Wisconsin, the isolated island locked between three states that have legalized marijuana in one form or another, might not be so isolated anymore.
According to Wisconsin Public Radio, a new bill, proposed Oct. 30 by Democratic state lawmakers, would decriminalize amounts of marijuana under 28 grams.
This is a big deal for a variety of reasons, the biggest one being that marijuana is considered to be a harmful drug.
In reality, this drug is harmful in ways more social than chemical, and paradoxically, legalizing it could mitigate these harms.
Wisconsin sits between Minnesota, which legalized medical marijuana in 2014, Michigan, which legalized both medical and recreational marijuana in 2018, and Illinois, which also legalized both forms just this year.
Now the questions remain: why did Wisconsin wait to legalize marijuana, and who could benefit if it didn’t wait any longer?
One of the reasons why Wisconsin hasn’t legalized marijuana yet is because of conservative anti-marijuana lawmakers.
Republicans control the House of Representatives in Wisconsin, which means they also control which bills reach Gov. Tony Evers’ desk. This severely impedes legalization progress.
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Also, according to the Milwaukee Journal Sentinel, there are many push factors to legalize weed, but those factors don’t apply to Wisconsin. There’s not a marijuana-tolerant House, there’s no ballot measure to give the decision to the people (though a November 2018 referendum revealed that most Wisconsin voters approved of medical and recreational legalization), and there’s no pressure from the economy to acquire extra help from legal-weed-sale taxes. There’s just no excuse to have it.
But the horizon is shifting and there might be hope for partial marijuana decriminalization as a compromise. Why do I call it hope? Well, let’s shift point of views.
Right now, black individuals are arrested for marijuana possession at four times the rate of white people in Wisconsin.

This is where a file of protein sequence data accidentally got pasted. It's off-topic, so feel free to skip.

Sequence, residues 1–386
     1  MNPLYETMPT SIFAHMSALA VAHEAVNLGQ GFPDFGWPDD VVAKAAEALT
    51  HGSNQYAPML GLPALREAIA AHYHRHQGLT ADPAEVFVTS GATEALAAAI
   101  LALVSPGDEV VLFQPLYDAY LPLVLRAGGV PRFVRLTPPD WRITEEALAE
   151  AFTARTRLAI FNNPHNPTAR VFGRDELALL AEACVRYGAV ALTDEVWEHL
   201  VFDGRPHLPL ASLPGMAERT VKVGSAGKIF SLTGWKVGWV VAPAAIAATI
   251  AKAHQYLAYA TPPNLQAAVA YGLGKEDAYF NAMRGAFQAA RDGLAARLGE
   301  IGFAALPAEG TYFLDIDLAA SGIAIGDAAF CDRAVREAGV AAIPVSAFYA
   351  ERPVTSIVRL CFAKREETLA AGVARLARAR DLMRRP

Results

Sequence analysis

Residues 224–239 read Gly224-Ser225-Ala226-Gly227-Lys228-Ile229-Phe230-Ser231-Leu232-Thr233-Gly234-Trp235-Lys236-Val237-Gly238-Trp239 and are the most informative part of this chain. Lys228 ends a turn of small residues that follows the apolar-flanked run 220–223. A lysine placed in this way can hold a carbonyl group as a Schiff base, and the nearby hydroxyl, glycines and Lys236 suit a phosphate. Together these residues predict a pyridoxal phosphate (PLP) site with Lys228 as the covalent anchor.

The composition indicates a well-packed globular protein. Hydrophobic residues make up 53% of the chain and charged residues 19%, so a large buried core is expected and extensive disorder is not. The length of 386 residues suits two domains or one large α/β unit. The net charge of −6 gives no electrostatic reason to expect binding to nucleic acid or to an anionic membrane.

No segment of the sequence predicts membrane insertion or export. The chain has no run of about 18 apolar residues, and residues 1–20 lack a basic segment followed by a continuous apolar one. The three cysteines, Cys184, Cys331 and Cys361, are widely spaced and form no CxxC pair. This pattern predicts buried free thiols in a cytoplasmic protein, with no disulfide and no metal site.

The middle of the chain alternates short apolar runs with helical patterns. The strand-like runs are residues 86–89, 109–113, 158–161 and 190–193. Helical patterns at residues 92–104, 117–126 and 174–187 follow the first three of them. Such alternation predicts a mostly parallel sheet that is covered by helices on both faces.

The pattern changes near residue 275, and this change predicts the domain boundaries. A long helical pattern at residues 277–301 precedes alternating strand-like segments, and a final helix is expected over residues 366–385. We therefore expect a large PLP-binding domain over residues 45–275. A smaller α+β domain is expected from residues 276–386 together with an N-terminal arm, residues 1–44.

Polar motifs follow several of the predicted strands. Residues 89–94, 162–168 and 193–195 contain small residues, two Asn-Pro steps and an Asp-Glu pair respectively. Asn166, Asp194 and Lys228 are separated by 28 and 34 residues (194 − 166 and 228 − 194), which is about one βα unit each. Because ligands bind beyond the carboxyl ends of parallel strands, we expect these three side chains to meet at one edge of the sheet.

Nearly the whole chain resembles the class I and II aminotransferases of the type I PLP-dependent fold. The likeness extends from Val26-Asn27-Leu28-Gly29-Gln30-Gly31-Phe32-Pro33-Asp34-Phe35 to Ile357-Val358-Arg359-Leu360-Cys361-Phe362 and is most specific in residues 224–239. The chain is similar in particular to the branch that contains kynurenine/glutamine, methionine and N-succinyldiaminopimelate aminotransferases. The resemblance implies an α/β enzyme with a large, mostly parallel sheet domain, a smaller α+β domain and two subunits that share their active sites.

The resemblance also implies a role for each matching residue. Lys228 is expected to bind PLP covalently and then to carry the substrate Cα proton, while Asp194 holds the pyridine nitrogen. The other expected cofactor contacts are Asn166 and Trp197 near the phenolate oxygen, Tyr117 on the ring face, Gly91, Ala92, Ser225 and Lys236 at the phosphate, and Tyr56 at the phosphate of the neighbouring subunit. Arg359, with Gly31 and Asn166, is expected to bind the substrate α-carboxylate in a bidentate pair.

This presents a giant institutional problem. The truth is, the illegality of marijuana feeds systemic racism. It does this by perpetuating disproportionate mass incarceration rates of people of color, especially black folks.
This argument isn’t new, but it gets brushed off or disputed constantly. We should set the record straight.
First, let’s review mandatory minimums.
In the height of the War on Drugs in the 1980s, mandatory minimums — not a new invention — started to have detrimental effects. These uniform penalties forced a person caught with possession into a prescribed prison sentence with no exceptions. They sent thousands of people to prison for five or 10 years, or even life.
Alone, mandatory minimums are just annoying standards. Except they never affected everyone equally. These outrageously harsh, extremely harmful punishments ended up hitting black people the most.
The reason why it’s important to consider mandatory minimums in the 80s is because once the legal system got in the habit of creating this disparity, it never stopped.
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Nationally, black people are still arrested at more than five times the rate of white people.
The Stanford Open Policing Project, a 2015 study, tracked police stops and police outcomes. The study found police still target people of color more than they target white people.
This is a seriously disproportionate amount of people of one race going to prison. It proves that the United States’ habit of sending black individuals to jail just to keep them there for an unmovable, inflexible amount of time never went away after the 1980s.
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So how does this connect back to a simple marijuana law?
Well, we’ve already discussed black people are more likely to be arrested. And right now, state law says possession for any amount yields up to six months in prison and a fine of $1,000. Any offense after that leads to three and a half years in jail and a fine of up to $10,000.
If a small amount of weed was decriminalized, the state mandatory minimum sentence would do a lot less damage. Its wide net would only trap people with 28 grams or more, which would exclude the considerable amount of offenders who are convicted for only a small quantity of marijuana.
Currently, people of color are being targeted and thrown in jail over petty possession, but what if petty possession becomes legal? Then the rug is pulled out from under the problem, and it relieves the strain put on minorities.
Allowing the existence of an infamous drug is hard, and it can be uncomfortable to think about. But I encourage everyone to look at it with compassion, rationale and dignity. Sometimes the crazy things just might work.
Katie Hardie ([email protected]) is a freshman studying nursing.